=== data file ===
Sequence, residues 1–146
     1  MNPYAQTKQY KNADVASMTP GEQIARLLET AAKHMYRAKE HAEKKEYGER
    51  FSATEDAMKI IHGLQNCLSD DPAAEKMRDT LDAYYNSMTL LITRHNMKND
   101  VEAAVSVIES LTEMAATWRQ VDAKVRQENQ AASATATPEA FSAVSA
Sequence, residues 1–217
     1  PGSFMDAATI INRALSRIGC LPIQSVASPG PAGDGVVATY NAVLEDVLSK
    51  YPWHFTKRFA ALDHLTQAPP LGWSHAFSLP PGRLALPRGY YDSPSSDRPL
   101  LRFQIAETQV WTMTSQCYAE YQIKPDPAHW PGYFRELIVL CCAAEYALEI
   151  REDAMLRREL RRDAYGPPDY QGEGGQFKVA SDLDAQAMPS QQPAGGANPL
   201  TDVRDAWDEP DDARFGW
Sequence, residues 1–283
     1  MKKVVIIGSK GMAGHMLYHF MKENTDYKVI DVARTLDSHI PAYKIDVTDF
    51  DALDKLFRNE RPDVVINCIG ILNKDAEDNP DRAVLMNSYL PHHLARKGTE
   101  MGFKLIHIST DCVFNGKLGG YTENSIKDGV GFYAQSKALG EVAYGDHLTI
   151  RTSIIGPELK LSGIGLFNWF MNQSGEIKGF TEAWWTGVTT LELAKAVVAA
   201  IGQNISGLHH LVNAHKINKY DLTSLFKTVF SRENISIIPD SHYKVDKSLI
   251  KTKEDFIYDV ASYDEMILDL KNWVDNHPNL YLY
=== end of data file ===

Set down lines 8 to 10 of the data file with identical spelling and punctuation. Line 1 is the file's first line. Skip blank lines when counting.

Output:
   101  LRFQIAETQV WTMTSQCYAE YQIKPDPAHW PGYFRELIVL CCAAEYALEI
   151  REDAMLRREL RRDAYGPPDY QGEGGQFKVA SDLDAQAMPS QQPAGGANPL
   201  TDVRDAWDEP DDARFGW